The contamination pattern for intermediateconf ined aquifers is shown in Figs. 4b ande. Comparison of the diagrams shows thatincreased nitrate contents in intermed iate con-fined water are found , not in Middle Lithuaniawhere unconfined groundwater contaminationis greatest, but in the marginal parts of therepub lic, especially in regions of high topog rap-hy (Le., in the recharge areas of intermediateconfined aquifers) . It is clear that the areasof intermediate confined groun dwater contami-nated by nitrates are much less extensive thanthose of unconfined groundwater. Nitrate con-centrations in intermediate conf ined grou ndwa-ter rarely exceed 10 mg/I wherea s in uncon-fined groundwater the value is usually 3-4times greater.

    Compar ison of Figs. 4d and 4e indicatesthat intermediate conf ined groundwater is

    Nitrate contamination of groundwater 81

    more areally extens ively contam inated byammonium than unconfined groundwater. The-se areas of ammonium contam ination in uncon-fined and intermediate confined groundwaterdo not coincide. In intermediate conf ined aqui-fers the high ammonium values are found inareas where groundwater is better isolatedfrom unconfined groundwater (Iimnoglacial pla-ins, moraine dominated areas and the Samogi-tian highlands - see Fig. 1).

    Deep confined (artesian)groundwaterIn Lithuania, deep, confined water can be foundin deposits of all geological ages, from Cam-brian sandsto nes to Paleogene and Neogenesands (Juodkazis 1989). Such deep confinedgroundwater is one of the main sources forlarge, centralised water supplies in Lithuania.Only a small proportion of deep conf ined aqui-fers are, however, reliably isolated and protec-ted from surface pollution. In recharge areas(topographical highs) deep confined groundwa-ter is recharged from intermediate conf inedand unconfined groundwater. Due to intensiveexploitation in West and Middle Lithuan ia, lar-ge areas of depressed groundwater headhave been formed . Thus , some areas of natu-ral dischar ge of artesian water have becomeareas of recharge, creating conditions suitablefor the downward migration of polluted waterto deeper confined aquifers (Klimas 1979).

    Investigations reveal that deep confinedwater is only contaminated by nitrates to alimited extent (Fig. 4). The few areas of deepconfin ed water with elevated nitrate concentra-tions do not coincide with areas of unconfinedgroundwater and intermediate conf ined waterwhich are highly contam inated by nitrates .Klimas (1 991) has noted generally higher con-centrations of ammonium in deep conf inedwaters than in intermediate confined or uncon-fined groundwater (Fig. 4f). The areas in whichammonium concentrat ion exceeds 1 mg/I ac-count for almost 20% of the territory of Lithua-nia. Ammonium accumulates comparativelywell in the isolated deep conf ined aquifers ofWest Lithuania but is practica lly absent in themuch less isolated, East Lithuanian , deepconfined aquifers. A similar pattern can alsobe recognised in the distribution of organ icmaterial in deep confined water. It thus appe-ars that the low nitrate and elevated ammoni-um contents typically found in deep confined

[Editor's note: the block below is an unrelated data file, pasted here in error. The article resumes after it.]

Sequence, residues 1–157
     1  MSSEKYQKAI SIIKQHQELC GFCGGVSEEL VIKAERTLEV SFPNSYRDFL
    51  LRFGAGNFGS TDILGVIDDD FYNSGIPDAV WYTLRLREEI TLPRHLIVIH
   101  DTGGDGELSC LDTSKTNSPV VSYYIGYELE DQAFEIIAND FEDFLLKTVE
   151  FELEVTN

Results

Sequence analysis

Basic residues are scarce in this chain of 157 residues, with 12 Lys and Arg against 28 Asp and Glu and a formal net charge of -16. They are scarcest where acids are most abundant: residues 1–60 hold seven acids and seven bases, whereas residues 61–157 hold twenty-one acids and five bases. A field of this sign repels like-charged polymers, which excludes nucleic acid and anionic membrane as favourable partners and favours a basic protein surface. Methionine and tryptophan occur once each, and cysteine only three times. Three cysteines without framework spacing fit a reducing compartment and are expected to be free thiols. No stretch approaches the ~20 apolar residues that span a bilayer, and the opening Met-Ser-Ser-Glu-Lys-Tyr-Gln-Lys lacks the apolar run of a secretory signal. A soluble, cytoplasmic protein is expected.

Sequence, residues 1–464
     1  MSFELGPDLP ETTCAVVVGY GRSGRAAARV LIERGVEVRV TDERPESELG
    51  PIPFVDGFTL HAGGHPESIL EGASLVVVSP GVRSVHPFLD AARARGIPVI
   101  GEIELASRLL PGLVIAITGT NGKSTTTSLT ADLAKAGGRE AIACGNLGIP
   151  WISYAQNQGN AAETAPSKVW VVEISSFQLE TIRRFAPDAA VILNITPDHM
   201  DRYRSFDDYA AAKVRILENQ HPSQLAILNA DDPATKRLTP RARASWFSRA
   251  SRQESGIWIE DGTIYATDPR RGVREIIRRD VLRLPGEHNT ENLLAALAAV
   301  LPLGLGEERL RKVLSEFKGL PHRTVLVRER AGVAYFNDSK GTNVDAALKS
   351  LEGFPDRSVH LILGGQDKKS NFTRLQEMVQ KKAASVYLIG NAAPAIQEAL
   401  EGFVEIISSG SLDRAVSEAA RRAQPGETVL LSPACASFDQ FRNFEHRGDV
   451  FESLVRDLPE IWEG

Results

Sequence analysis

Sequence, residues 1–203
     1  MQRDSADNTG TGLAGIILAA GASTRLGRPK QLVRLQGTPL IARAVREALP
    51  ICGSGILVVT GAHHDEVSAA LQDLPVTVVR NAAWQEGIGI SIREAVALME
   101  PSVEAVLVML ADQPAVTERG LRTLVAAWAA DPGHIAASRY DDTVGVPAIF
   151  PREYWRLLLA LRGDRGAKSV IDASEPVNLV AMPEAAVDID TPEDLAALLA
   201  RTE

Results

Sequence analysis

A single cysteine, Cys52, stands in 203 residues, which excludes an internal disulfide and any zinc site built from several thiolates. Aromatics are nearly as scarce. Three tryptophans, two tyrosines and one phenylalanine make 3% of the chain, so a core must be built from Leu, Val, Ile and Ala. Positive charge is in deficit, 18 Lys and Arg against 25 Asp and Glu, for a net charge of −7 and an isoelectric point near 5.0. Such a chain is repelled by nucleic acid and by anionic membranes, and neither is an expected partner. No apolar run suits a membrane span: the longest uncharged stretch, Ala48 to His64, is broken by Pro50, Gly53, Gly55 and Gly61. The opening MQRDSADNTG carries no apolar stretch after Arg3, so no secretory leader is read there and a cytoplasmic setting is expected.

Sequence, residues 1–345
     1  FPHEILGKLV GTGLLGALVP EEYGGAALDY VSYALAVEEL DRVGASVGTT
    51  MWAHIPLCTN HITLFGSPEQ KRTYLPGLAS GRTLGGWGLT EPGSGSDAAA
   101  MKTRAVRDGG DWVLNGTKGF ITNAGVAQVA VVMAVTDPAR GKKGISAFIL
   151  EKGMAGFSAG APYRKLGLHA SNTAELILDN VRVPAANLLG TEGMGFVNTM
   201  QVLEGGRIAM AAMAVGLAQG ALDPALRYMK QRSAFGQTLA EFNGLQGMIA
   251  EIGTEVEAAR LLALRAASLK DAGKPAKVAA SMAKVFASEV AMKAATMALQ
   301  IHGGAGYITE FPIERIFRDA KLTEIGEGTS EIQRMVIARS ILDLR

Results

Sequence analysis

• 82 Algirdas Klimas & Bernardas Paukstys GU . BULL. 424. 1993

    gro undwater are the result of the chemicalreduction of nitrate to ammonium (Klimas etal. 1988, Krainov et al. 1988, Klimas 1991).

    DiscussionInvestigations of local and regiona l groundwa-ter po llution by nitrogen compounds in lithua-nia revea l regularities in the patt ern of contami-nation and allow one to predict its future evolu-tion.

    Redox potent ial (Eh) and acidity (pH) valuesreflect the processes of migrat ion and trans-form ation of nitrogen compou nds in groundwa-ter. Unconf ined groundwater aquifers usuallyenjoy a good connection with the atmosp hereand therefo re exh ibit high dissolved oxygenlevels, commonly up to 7-10 mg/l, Eh typicallyexceeds +200 mV and pH is around 7. Insuch water one typically finds a limited rangeof nitrate conce ntrat ion (2-10 mg/l). In centresof intensive contamination, prac tically all theoxygen is con sumed by the oxidat ion of orga -nic contaminants. The amou nts of unox idisedorg anic material and ammo nium show elevatedvalues in such situations (see Table 2), and acorrespond ing reduction in Eh and nitrates(see Table 3) due to biochemical reductionby ammonification bacteria. The values of pHfound at such contaminated localities varywidely (Fig. 5). These chemica l cond itions areespec ially not iceab le in contaminated, uncon -fined groundwater aquifers occurring in clay-ey, poorly-drained areas .